A team at Meta AI, in collaboration with researchers at the University of Illinois, Urbana-Champaign, created an AI that can devise and refine formulas for increasingly high-strength, low-carbon concrete. Humans produce billions of tons of concrete per year, generating an estimated 8% of the total annual global dioxide emission.
In addition, traditional production methods are far from being ecologically friendly. Although advances in recent years have reduced concrete’s carbon footprint while making it more rugged and resilient and even allowing it to charge electric vehicles, concrete production remains among the most carbon-intensive in modern construction.
Concrete is made of four basic components: cement (the most carbon-intensive ingredient), aggregate, water, and admixture (which acts as a doping agent). Efforts to reduce the amount of cement required, by replacing it with lower-carbon materials such as fly ash, slag, or ground glass, have not worked well. Moreover, aggregates such as gravel and sand might also be replaced with recycled concrete.
Dozens of potential ingredients could be used as an alternative, and the ratio of their amounts all interact to influence the structural profile of the resulting concrete. So the Meta AI team trained an AI using the Concrete Compressive Strength dataset to speed up testing, selecting, and refining the best possible combinations identified by researchers. The dataset comprises more than 1,000 concrete formulas, as well as their structural attributes that include 7- and 28-day compressive strength data.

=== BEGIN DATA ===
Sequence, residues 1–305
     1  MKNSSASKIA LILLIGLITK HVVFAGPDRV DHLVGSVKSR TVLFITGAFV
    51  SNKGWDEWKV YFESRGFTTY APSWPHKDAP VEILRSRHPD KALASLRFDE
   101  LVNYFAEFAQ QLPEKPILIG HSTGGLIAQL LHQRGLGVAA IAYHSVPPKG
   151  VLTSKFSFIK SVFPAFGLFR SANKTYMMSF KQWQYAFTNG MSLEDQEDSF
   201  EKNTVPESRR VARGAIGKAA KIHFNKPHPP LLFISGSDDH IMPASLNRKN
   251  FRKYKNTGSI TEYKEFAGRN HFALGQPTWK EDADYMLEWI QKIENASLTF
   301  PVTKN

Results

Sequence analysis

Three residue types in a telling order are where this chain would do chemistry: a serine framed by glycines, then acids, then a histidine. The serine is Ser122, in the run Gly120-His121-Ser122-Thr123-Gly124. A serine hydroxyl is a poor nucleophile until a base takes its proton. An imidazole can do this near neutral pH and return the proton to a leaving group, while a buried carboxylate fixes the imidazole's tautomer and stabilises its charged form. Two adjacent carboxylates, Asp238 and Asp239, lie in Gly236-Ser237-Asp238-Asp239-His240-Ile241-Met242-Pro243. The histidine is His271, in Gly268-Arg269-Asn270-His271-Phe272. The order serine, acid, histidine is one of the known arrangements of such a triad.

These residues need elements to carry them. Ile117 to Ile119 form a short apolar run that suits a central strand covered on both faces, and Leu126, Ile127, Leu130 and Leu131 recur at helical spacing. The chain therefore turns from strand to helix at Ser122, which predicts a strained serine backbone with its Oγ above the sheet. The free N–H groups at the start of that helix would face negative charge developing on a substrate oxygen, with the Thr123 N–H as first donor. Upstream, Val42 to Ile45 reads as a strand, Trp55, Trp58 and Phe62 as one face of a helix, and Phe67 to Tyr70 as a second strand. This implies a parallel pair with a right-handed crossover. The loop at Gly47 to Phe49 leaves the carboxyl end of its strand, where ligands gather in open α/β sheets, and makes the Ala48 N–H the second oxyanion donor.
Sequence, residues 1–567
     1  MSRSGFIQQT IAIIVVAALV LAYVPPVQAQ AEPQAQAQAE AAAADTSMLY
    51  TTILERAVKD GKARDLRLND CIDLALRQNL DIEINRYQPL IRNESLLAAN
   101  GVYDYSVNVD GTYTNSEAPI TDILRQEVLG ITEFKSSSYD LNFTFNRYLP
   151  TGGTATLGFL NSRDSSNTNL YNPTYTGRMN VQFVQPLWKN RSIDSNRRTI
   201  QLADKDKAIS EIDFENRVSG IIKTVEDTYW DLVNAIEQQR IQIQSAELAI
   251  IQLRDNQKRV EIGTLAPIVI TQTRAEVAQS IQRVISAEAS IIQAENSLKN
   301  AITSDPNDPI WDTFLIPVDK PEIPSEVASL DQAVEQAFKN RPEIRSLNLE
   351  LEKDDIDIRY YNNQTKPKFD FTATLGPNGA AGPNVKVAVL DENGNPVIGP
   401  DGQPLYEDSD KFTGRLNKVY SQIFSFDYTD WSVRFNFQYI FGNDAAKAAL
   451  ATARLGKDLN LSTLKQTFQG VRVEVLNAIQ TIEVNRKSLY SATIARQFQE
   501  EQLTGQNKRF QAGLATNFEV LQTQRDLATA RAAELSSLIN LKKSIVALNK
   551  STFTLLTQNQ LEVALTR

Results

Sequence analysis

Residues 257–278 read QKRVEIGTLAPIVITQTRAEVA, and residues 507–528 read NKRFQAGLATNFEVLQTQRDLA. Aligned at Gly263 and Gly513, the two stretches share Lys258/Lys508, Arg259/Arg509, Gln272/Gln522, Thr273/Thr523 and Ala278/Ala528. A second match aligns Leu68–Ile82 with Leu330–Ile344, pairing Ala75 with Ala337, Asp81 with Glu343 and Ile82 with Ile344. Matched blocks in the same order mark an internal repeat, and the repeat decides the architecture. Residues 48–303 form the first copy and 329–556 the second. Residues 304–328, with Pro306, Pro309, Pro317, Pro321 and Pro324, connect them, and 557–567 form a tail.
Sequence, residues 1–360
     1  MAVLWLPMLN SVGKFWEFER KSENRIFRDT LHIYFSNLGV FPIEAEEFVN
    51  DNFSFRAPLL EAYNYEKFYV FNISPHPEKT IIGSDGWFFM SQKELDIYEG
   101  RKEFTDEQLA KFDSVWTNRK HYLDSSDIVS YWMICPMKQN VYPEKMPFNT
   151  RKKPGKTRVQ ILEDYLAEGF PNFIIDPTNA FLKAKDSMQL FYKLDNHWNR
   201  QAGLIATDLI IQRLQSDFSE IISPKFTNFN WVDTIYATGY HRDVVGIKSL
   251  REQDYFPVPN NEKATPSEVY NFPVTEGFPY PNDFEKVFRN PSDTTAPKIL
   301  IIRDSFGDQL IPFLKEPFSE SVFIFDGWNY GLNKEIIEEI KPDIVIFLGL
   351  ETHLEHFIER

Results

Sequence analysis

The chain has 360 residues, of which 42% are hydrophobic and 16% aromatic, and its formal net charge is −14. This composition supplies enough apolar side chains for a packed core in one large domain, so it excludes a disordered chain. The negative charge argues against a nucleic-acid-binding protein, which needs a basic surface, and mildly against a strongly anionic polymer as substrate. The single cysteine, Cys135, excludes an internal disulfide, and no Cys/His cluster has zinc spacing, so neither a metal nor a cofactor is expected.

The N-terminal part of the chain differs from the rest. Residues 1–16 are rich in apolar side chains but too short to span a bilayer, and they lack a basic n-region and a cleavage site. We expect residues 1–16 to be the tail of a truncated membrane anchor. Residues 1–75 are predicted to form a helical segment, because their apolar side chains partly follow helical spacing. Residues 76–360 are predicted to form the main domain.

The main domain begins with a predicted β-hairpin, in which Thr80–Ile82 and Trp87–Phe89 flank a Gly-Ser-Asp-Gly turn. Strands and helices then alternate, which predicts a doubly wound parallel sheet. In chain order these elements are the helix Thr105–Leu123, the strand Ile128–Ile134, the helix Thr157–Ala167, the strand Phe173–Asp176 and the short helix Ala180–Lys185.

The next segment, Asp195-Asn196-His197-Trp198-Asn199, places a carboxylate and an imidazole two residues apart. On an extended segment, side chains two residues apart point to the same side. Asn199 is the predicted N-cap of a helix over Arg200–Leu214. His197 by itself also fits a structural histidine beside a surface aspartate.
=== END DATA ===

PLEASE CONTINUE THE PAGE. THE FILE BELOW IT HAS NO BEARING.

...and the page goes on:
The resulting concrete mixture’s carbon footprint was determined using the Cement Sustainability Initiative’s Environmental Product Declaration (EPD) tool. Once researchers chose the five most promising options, they iteratively refined them until they met or exceeded their 7- and 28-day strength metrics, while reducing their carbon requirements by 40%.